• Interview skills
  • Resumes
  • Social Media Usage/Presence (LinkedIn in particular)
  • Job Fairs
  • Hints and tips for breaking in
Once I get everything compiled, I will post the list here!

Monday, April 7, 2014

Want To Invest In People Instead Of Companies? Now You Can! (Entrepreneurial Intelligence)

Crowdfunding is a busy place these days.  While the largest and most popular site, Kickstarter, continues to fund a variety of creative projects (last year Kickstarter funded more creative projects than the National Endowment for the Arts...), specialty crowdfunding platforms are now available for everything from education to issues in the developing world to scientific research to, of course, porn.

For me, understanding crowdfunding is becoming an increasingly important part of what I call "entrepreneurial intelligence" - or, stuff that is outside entrepreneurs' control but is still critical to their success or failure.  Crowdfunding is rapidly filling a space left untouched by bootstrapping, angel investors and venture capitalists and understanding the strengths and weaknesses of various crowdfunding platforms would seem to me to be a critical intelligence requirement for entrepreneurs.

One of the most interesting of the new crowdfunding platforms is Upstart.  Upstart allows you to invest directly in a person.  In other words, you give them some money now to pay off a loan or to learn to code or to expand a business, and they promise to pay you a small percentage of their income over the next 5-10 years.  Repayments are capped (typically at 3 to 5 times the amount invested) so people can pay off their backers early if they make a lot of money.


Like a venture capitalist or angel investor, you could lose all of your money if the person you backed doesn't make enough.  Upstart uses statistical models to predict how much the "upstart" will earn over the next ten years based on degree, school attended, test scores, number of job offers, work experience, etc.  The amount the upstart can ask from backers is based on this model but as Upstart notes:  "Any estimate of returns is highly speculative, subject to a high degree of variability, and not based on historical experience. The pricing engine is novel and untested and relies on broad-based statistical data that may not be representative of any individual’s actual future income."

This is, however, a pretty good deal for investors if everything works out as planned.  A $300 return on a $100 investment over 5 years represents a nearly 25% annual rate of return.  Sure beats the 2 bucks your average money market fund will likely yield over the same period...

Tuesday, March 25, 2014

Reduce Bias In Analysis: Why Should We Care? (Or: The Effects Of Evidence Weighting On Cognitive Bias And Forecasting Accuracy)

We have done much work in the past on mitigating the effects of cognitive biases in intelligence analysis, as have others. 

(For some of our work, see Biases With Friends, Strawman, Reduce Bias In Analysis By Using A Second Language or Your New Favorite Analytic Methodology: Structured Role Playing.)
(For the work of others, see (as if this weren't obvious) The Psychology of Intelligence Analysis or Expert Political Judgment or IARPA's SIRIUS program.)

This post, however, is indicative of where we think cognitive bias research should go (and in our case, is going) in the future. 

Bottomline: Reducing bias in intelligence analysis is not enough and may not be important at all.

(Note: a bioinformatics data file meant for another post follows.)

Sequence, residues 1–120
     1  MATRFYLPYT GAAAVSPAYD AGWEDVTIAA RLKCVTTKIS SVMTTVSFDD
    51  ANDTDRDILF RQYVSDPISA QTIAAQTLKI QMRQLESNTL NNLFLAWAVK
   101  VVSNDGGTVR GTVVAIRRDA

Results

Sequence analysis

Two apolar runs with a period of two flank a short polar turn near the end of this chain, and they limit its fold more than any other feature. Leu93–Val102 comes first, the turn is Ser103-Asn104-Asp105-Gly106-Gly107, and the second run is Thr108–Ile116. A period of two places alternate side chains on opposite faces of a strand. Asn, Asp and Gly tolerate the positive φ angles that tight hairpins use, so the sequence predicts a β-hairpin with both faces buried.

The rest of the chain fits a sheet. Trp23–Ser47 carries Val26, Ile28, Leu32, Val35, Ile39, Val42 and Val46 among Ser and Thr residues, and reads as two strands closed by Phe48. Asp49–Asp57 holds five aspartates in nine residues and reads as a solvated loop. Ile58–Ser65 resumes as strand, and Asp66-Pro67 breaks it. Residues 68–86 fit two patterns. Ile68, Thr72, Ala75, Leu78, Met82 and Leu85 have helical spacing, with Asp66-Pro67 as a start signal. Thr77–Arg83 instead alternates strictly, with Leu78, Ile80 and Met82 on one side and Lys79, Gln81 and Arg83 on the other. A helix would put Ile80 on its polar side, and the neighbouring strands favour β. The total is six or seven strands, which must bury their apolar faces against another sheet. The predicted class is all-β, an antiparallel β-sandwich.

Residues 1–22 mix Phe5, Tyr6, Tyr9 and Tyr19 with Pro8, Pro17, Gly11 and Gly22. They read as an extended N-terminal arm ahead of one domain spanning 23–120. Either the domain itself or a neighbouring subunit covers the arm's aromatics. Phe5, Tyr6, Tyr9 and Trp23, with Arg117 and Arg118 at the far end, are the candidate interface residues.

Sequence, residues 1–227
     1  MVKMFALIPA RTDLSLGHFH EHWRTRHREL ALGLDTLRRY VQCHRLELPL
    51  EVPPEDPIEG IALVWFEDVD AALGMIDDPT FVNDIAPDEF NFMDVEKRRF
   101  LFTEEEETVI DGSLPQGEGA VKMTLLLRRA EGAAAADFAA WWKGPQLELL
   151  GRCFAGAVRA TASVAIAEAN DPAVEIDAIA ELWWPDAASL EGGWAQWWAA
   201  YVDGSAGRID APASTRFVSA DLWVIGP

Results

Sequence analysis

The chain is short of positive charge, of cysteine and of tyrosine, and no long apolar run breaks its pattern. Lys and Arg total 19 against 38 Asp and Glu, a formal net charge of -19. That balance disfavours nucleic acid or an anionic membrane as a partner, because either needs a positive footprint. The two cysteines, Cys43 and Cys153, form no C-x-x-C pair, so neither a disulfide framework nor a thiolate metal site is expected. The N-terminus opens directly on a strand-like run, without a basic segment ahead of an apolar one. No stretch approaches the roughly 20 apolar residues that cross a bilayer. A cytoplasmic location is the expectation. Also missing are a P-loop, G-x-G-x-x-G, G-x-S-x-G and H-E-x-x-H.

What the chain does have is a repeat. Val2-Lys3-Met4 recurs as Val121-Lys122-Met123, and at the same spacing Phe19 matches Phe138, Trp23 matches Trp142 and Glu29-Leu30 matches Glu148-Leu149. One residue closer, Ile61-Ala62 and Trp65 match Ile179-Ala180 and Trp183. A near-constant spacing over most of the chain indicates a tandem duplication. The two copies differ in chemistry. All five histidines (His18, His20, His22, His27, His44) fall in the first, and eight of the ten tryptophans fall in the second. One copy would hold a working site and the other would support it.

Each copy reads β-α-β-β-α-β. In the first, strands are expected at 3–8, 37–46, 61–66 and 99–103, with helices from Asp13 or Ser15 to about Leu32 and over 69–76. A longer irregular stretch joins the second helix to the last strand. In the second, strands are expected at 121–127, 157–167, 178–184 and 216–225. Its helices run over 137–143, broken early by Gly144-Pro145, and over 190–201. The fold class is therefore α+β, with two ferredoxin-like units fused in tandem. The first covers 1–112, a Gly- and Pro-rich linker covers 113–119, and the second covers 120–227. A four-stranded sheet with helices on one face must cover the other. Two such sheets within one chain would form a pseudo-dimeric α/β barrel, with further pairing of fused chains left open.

What analysts should focus on is forecasting accuracy. In fact, our current research suggests that a less biased forecast is not necessarily a more accurate forecast.  More importantly, if indeed bias does not correlate with forecasting accuracy, why should we care about mitigating its effects?

In a recent experiment with 115 intel students, I investigated a mechanism that I think operates at the root of the cognitive bias polemic: Evidence weighting. 

Having surveyed the cognitive bias literature, key phrases began to stand out such as:
A positive-test strategy (Ed. Note: we are talking about confirmation bias here) is "the tendency to give greater weight to information that is supportive of existing beliefs" (Nickerson 1998). In this way, confirmation bias not only appears in the process of searching for evidence, but in the weighting and diagnosticity we assign to that evidence once located.
The research of Cheikes et al. (2004) and Tolcot et al. (1989) states that confirmation bias "was manifested principally as a weighting and not as a distortion bias." Further, the Cheikes article indicates that "ACH had no impact on the weight effect," having tested both elicitations of the bias (in both evidence selection and evidence weighting). 
Emily Pronin (2007), the leading authority on Bias Blind Spot, presents a similar conclusion: "Participants not only weighted introspective information more in the case of self than others, but they concurrently weighted behavioral information more in the case of others than self."
Robert Jervis, professor of International Affairs at Columbia University, speaks about evidence-weighting issues in the context of the Fundamental Attribution Error in his 1989 work Strategic Intelligence and Effective Policy.
What if the impact of bias in analysis is less about deciding which pieces of evidence to use and more about deciding how much influence to allocate towards each specific piece?  This would mean that to mitigate the effects of cognitive bias and to improve forecasting accuracy, training programs should focus on teaching analysts how to weight and assess critical pieces of evidence.

With that question in mind, I designed a simple experiment with four distinctly testable groups to assess the effects of evidence weighting on a) cognitive bias and b) forecasting accuracy. 

Each of the four groups were required to spend approximately one hour conducting research on the then-upcoming Honduran presidential election to determine a) who was most likely to win and b) how likely they were to win (in the form of a numerical probability estimate, e.g. "X is 60 percent likely to win"). Each group, however, used varying degrees of Analysis of Competing Hypotheses (ACH), allowing me to manipulate how much or how little the participants could weight the evidence. A description of each of the four groups is below:
  • Control group (Cont, N=28). The control group was not permitted to use ACH at all. They had one hour to conduct research independently with no decision support tools.